EIA and archaeological risk management

16th July 2012

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Rachel Morse from Mouchel describe how to manage the risks posed to a development by the potential discovery of archaeological remains

Buried archaeological remains rarely prevent development, but it can come as a surprise and can cause delays to the overall development programme and bring unplanned costs if not managed from the early stages of any scheme.

Known unknowns

The risk that the archaeological resource poses to development lies not in what is known, but what is unknown.

The environmental impact assessment (EIA) process provides the framework within which the likely significant effects of a scheme on known cultural heritage resources are identified and reported in the environmental statement.

The EIA process does not, however, assess archaeological risk or a means of managing that risk through the EIA process and into construction.

Previous experience of major infrastructure schemes demonstrates that the risk can be significantly reduced by acknowledging the unknown and making contingencies for unexpected discoveries by developing a cultural heritage strategy in parallel with the EIA process.

The strategy should recognise that there will be impacts on known cultural heritage resources and focuse on the adoption of design measures with a view to reducing the order of impact.

It should also recognise that unknown resources will be at risk and should seek to establish a framework for approaching that risk throughout the planning, assessment, design and implementation of the proposed scheme.

The intention should be that the principal parties responsible for ensuring the cultural heritage resource is conserved and protected can have confidence that appropriate and effective measures are being adopted throughout the process.

Guiding principles

The strategy should set out the guiding principles for managing impacts on cultural heritage resources during the development of the design through to construction.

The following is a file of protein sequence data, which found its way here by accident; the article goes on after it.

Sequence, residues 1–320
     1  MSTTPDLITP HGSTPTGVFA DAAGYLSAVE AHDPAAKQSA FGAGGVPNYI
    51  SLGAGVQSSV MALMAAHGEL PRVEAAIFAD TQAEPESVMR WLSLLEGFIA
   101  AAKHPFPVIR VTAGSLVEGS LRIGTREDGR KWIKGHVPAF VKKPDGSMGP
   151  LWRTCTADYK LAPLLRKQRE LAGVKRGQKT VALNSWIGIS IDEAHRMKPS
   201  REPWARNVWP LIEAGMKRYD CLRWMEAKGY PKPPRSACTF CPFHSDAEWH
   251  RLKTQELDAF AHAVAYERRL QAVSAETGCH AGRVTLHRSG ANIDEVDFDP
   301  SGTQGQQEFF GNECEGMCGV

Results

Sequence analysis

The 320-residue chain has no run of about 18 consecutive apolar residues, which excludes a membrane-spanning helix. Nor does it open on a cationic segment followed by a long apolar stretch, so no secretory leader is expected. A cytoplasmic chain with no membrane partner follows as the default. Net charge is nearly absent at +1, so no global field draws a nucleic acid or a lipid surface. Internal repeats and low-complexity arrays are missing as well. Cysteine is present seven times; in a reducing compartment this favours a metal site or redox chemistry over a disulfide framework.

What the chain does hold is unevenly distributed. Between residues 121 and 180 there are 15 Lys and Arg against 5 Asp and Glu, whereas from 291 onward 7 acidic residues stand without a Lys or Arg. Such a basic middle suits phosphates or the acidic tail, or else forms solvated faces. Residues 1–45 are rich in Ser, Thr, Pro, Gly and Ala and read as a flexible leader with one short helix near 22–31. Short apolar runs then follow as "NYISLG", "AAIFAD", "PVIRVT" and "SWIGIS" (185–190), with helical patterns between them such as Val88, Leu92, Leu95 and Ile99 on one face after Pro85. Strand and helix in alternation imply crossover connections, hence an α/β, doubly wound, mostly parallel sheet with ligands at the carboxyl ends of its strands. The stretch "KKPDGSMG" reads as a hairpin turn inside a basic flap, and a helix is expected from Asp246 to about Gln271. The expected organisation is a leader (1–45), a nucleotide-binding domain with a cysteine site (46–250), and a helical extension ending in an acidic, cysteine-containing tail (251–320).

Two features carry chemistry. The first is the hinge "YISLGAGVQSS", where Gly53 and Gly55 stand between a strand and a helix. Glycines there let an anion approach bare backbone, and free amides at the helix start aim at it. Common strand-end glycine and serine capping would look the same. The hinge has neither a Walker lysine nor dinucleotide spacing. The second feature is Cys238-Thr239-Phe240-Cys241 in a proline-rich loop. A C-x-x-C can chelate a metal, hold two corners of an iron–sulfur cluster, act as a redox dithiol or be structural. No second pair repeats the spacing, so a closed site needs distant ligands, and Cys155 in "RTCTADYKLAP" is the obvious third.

The principles on which the strategy should be founded are that:

  • the collective cultural heritage resource, including historic buildings, historic landscapes and archaeology, is protected from disturbance from construction activities as far as is reasonably practicable;
  • the effects of impacts on cultural heritage are mitigated in accordance with good practice guidance; and
  • investigations and mitigation measures are informed by a clearly focused research strategy that is cost and time effective.

It is helpful to include in the strategy a timeframe demonstrating the key stages in the archaeological and risk management processes, aligned with the important phases of the project from the assessment of a proposal through to early construction.

More investigation

It is an inevitable consequence of the process, and the powers available to the developer relating to access, that levels of information on any cultural heritage resource becomes more detailed as planning, design and implementation progresses.

The strategy should reflect this and explain at which stages investigations and information can be obtained with certainty based on the developer’s powers.

It can also recognise that permission can be sought from landowners to enable parts of the investigative process to be progressed prior to construction. It should, however, acknowledge that some of the activities are less likely to be undertaken prior to the developer being given rights of access by virtue of a consented scheme.

The key difficulty in archaeological assessment arises where the desk-based investigations progress to a point where intrusive investigation is required prior to the scheme being granted approval and landowners are reluctant to grant access for works which will disturb the ground.

The result is that the establishment of the status of the cultural heritage resource; the recognition of impacts that will result from the construction of the scheme; and the identification of appropriate mitigation measures, often progresses beyond the assessment and into construction phase.

While undertaking intrusive investigative works during the construction phase is not ideal, when it is necessary the work can be programmed in conjunction with the main construction contractor during preparation of the detailed construction programme.

This ensures that areas of the site subject to the early stages of construction are investigated first and any necessary subsequent archaeological works can be agreed and progressed to mitigate potential impacts on the construction programme.

It is not possible to totally eliminate archaeological risk and there is always a possibility that unexpected discoveries will occur.

The potential risks can, however, be substantially reduced and controlled by developing a suite of measures to reduce uncertainty and to allow contingencies for how to deal with residual uncertainty.

The preparation of a cultural heritage strategy enables the financial, commercial and programme risks caused by archaeology to be appropriately managed.

This article was written as a contribution to the EIA Quality Mark’s commitment to improving EIA practice.

Rachel Morse is a principal heritage consultant at Mouchel


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